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How Aid to Norway During WWII Transformed Into a History Museum

by Jennifer Kovarik, Vesterheim Norwegian-American Museum on

2015 marks AASLH’s 75th Anniversary Year. For the occasion, AASLH has created a blog series for members to share their unique history and memories. Contributions were based around AASLH’s founding year, 1940, but members also shared other wonderful moments in local history. The celebration is not just about AASLH’s history, but about the collective history of AASLH members, both individual and institutional, and the work we do for the field of state and local history.

To outsiders and insiders alike, it can sometimes appear that the history of Norwegians in America is fraught with conflict, the results of which are a plethora of educational, intellectual, religious, artistic, and social organizations.  Yes, the institutions, organizations, and clubs were (and still are) plentiful, but so is the passion and spirit, as well as what seems to be an innate sense or ability to mobilize quickly around a cause for the good and benefit for others.

Vestrheim Norweigan-American Museum Relief Pin

Relief Pin, 1940s

After the German invasion of Norway on April 9, 1940, Norwegian Americans quickly organized themselves to help their relations and continued to do so throughout and after World War II.  One such aid organization was Norwegian Relief, Inc., which began as a corporation for collecting and channeling contributions to Norway.  Funds were collected for supplies, food, and housing for Norwegians suffering as a result of the German occupation.  The organization also collected books for Norwegian soldiers and sailors.  The organization’s head office was in Chicago and there was a committee in New York.  There were also state chairs and leaders in the following states:  AZ, CA, CO, CT, DC, IL, IN, IA, KY, ME, MA, MI, MN, MO, MT, NE, NJ, NY, ND, OH, OR, PA, SD, UT, WA, AK.

Many people and organizations contributed funds to Norwegian Relief, Inc., including churches, social groups, and fraternal organizations, such as the Sons of Norway and the Daughters of Norway.  Arthur Andersen, well-known at the time for his public accounting firm in Chicago, led the contributions with a gift of $25,000.  Captain Torkhild Rieber, New York chairman of Texaco Company, personally contributed $25,000 and persuaded his company to match his gift with an additional $25,000.  The American Red Cross donated $45,000 and the Chicago Norske Klub donated $30,000.  In January 1941, Kirsten Flagstad, the renowned Norwegian opera singer, gave a concert in Chicago to benefit Norwegian Relief, with net proceeds of $5000.  She was also supposed to give a benefit concert in New York, but she called this off because of her resentment at people taking offense to her singing in German for the benefit of Norwegians.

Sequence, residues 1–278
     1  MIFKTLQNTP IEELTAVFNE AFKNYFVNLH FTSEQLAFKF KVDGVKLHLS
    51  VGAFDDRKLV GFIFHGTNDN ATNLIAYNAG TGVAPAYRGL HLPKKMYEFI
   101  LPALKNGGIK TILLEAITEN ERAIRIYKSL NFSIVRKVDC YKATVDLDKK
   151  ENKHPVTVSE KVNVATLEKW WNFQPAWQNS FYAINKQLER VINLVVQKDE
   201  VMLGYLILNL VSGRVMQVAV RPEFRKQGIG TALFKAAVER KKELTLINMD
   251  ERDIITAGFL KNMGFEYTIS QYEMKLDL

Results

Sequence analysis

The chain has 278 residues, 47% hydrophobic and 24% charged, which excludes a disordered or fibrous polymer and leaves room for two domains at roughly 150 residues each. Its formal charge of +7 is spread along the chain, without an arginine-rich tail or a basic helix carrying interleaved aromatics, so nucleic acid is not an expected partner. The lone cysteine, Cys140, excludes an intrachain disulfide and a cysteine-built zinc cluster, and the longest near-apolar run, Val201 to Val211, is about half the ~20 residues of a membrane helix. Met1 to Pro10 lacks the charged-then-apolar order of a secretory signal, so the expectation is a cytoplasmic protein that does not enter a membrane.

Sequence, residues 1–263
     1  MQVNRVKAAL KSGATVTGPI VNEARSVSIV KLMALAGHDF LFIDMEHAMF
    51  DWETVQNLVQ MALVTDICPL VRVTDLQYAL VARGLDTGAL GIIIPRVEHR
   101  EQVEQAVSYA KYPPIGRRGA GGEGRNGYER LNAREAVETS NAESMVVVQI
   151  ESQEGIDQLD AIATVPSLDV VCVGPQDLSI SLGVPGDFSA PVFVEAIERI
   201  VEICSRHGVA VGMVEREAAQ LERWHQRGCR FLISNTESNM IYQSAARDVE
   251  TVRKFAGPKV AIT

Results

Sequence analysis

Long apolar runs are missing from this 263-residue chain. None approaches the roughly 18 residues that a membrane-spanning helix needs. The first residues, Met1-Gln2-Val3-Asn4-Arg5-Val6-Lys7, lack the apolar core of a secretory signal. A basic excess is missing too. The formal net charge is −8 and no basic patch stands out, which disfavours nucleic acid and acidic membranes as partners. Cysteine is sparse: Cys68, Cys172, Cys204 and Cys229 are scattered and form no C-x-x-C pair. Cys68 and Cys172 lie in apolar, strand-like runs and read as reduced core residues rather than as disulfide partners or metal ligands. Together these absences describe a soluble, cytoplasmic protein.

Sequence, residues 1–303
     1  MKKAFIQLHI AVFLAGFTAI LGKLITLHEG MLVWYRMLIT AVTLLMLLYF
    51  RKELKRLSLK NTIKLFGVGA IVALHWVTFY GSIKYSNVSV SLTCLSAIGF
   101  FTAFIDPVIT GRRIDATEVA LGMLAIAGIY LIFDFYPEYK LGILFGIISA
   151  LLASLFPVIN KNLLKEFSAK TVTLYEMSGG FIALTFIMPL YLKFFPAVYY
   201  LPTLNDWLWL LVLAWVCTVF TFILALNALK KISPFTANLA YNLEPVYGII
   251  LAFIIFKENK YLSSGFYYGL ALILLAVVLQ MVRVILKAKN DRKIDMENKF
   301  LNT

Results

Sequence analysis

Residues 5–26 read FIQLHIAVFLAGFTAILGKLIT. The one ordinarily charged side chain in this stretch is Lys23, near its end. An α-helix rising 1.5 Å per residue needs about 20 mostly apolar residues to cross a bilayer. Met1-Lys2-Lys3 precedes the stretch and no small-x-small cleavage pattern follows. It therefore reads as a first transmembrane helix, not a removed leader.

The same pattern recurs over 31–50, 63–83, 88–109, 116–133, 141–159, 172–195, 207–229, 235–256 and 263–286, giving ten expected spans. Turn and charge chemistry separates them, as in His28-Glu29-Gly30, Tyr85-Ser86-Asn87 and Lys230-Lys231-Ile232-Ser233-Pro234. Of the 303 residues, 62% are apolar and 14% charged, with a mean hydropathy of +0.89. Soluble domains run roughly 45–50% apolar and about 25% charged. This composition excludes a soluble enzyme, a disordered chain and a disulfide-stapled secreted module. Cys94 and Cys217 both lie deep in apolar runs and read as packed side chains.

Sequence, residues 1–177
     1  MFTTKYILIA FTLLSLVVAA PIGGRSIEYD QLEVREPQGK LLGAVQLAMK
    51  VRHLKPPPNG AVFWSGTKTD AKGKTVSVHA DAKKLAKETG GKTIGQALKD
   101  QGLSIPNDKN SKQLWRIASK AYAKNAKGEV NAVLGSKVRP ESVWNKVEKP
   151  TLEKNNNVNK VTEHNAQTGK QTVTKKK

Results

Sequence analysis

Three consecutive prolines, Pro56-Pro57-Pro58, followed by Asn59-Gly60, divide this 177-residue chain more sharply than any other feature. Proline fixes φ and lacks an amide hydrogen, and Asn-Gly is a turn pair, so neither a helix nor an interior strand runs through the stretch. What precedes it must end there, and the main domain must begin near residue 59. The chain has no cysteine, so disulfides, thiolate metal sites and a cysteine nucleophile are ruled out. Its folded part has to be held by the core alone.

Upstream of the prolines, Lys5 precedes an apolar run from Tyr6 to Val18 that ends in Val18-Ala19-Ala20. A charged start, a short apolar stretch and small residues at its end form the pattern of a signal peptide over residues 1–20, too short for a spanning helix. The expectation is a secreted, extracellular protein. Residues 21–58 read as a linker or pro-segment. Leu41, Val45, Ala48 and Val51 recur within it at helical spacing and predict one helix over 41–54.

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In 1943, several organizations merged with Norwegian Relief, including Camp Little Norway Association (Minneapolis), Friends of Little Norway (Cleveland, OH), and Norwegian Seaman’s Christmas and Relief (New York).  After using the name “Norwegian Relief” (Norgeshjelpen) from 1940-1943, the President’s War Relief Control Board suggested making a name change to include “American” in the name.  The new name was American Relief for Norway, Inc. and the organization coordinated large drives for clothing and shoes and also helped support the Norwegian Sewing Room in New York which sewed and knitted to contribute to the needs of various Norwegian institutions.  American Relief for Norway sent medicine and medical equipment to Norway and kept the public well-informed about the situation in Norway and the progress of relief work, relying on Norwegian-American newspapers and periodicals, including Decorah-Posten, Nordisk Tidende, Viking, and Norsk Ungdom, to help publicize its efforts and the conditions in Norway under German occupation.

Passion, spirit, and the ability to mobilize around a cause for the good and benefit for others could describe any number of organizations in the United States and very likely describes the one or ones you work for or with.  Thank you and congratulations to AASLH for the continued passion, spirit, and mobilization of good people, good works, good programs, and good stories that help all Americans make the past more meaningful.413047_10150621237049109_1072586652_o

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